DR DANIEL PIPES: They are roughly the same. Various versions of Islamism exist. For example, in Saudi Arabia women can't drive, can't do this, can't do that. In Iran, they can. The Iranian idea is that they've created an Islamic republic where women are safe. In the Saudi vision, danger lurks in every corner and females need to be protected. There are many such differences in both style and substance. But in the end, all Islamists aspire to the same thing which is the application of Islamic law. Islamic law differs slightly in Egypt, Saudi Arabia, Iran and India. They have different schools, but these are again details and in general the aspiration to apply Islamic law is common to all Muslims.

QUESTION: How significant do you think is the link between Turkey and Israel, especially after the Israeli boarding of the Turkish aid boat?

DR DANIEL PIPES: The Turkish government has used anti-Zionism primarily as a vehicle for isolating and discrediting the military. The military is its priority target, for it stands between the AKP and complete sovereignty. The military could at any moment push the Islamists aside, as it did as recently as 1997. But the military now feels weak. It reads the polls and follows elections like everyone else and it doesn't have the confidence to take over. The AKP has accused the military and others of engaging in anti-government activities and is arresting former military officers and wresting control of senior appointments.

QUESTION: Two things jumped out at me. The first related to the successful economic situation experienced by the West, at least until the event of the Global Financial Crisis. The second related to the effective use of technology. What impact did all this have on Islam and how are they likely to evolve?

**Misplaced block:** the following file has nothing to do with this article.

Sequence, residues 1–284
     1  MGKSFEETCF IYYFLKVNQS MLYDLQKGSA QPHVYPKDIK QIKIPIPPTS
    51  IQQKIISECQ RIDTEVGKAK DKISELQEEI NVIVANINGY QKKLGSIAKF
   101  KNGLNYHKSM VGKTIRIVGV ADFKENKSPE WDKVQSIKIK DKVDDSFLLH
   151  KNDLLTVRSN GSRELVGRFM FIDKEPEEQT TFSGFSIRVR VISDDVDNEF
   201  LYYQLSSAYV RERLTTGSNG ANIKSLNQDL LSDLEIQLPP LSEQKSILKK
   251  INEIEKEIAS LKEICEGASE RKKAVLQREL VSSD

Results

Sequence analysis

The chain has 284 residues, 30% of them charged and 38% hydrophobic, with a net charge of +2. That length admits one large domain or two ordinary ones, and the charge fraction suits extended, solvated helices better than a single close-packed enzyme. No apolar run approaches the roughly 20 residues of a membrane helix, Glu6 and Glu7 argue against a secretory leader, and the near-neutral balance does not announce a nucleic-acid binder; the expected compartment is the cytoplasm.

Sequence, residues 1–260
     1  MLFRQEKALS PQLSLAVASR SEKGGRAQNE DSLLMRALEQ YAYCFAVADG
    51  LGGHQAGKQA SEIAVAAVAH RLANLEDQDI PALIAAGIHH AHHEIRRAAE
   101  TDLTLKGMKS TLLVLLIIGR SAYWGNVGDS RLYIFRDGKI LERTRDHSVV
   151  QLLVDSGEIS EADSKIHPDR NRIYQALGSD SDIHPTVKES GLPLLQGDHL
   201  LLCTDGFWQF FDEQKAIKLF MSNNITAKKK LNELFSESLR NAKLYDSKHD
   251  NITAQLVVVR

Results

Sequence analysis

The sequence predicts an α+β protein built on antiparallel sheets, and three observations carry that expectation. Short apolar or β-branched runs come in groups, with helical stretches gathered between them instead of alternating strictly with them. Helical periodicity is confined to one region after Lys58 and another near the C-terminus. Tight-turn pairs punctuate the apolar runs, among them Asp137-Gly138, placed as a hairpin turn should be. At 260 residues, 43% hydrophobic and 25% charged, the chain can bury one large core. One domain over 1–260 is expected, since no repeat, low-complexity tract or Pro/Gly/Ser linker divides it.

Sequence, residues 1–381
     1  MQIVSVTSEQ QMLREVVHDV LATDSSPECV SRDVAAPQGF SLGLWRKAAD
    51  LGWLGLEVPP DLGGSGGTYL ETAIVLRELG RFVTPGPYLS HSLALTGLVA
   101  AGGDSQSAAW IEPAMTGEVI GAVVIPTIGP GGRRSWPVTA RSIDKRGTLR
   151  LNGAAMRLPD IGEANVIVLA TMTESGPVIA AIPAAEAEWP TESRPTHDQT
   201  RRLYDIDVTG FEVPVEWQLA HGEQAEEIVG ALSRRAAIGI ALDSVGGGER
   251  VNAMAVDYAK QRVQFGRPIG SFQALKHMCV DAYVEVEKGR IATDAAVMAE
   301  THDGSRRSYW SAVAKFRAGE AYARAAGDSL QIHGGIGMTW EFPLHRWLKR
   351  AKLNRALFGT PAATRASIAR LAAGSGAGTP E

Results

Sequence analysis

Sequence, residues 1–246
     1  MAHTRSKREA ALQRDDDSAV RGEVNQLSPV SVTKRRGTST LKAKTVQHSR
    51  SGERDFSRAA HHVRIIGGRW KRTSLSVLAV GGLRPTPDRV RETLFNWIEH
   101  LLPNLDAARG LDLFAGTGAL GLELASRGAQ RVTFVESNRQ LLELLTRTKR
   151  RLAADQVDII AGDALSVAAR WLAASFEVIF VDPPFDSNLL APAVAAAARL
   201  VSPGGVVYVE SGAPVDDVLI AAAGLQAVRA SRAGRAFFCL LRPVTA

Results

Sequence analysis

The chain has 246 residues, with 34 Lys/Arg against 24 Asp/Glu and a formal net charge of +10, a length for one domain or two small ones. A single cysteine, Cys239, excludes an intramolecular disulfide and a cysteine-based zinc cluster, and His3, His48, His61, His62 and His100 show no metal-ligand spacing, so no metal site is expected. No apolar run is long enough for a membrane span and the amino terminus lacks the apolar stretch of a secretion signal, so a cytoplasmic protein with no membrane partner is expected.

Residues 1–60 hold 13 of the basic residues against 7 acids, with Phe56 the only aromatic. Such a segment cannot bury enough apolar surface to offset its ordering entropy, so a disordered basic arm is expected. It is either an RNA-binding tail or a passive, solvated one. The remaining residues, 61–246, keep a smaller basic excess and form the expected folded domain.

DR DANIEL PIPES: The Muslim world in general is performing poorly in economic terms. Malaysia and Turkey would be the two exceptions. The great feature of the Muslim world is resources, not too different, in fact, from Western Australia. You don't so much make things as you export commodities. But Western Australia is just a small part of the West. There are almost no inventions from within the Muslim world. Which Egyptian company has an R&D department? Where's the entrepreneurship? It's just not there. There's little creativity. When there is, people go West. There are plenty of very talented Muslims but they don't have the opportunity to develop within their own countries. They go somewhere else – for medicine, computers, whatever it might be. The discovery recently of one trillion U.S. dollars worth of minerals in Afghanistan confirms the trend. Westerners find things and extract them. I see the Muslim world locked into this scenario for a long time to come; it's a little comparable to how the Soviet Union was spying forever on the West and getting its technology, information and insights from it.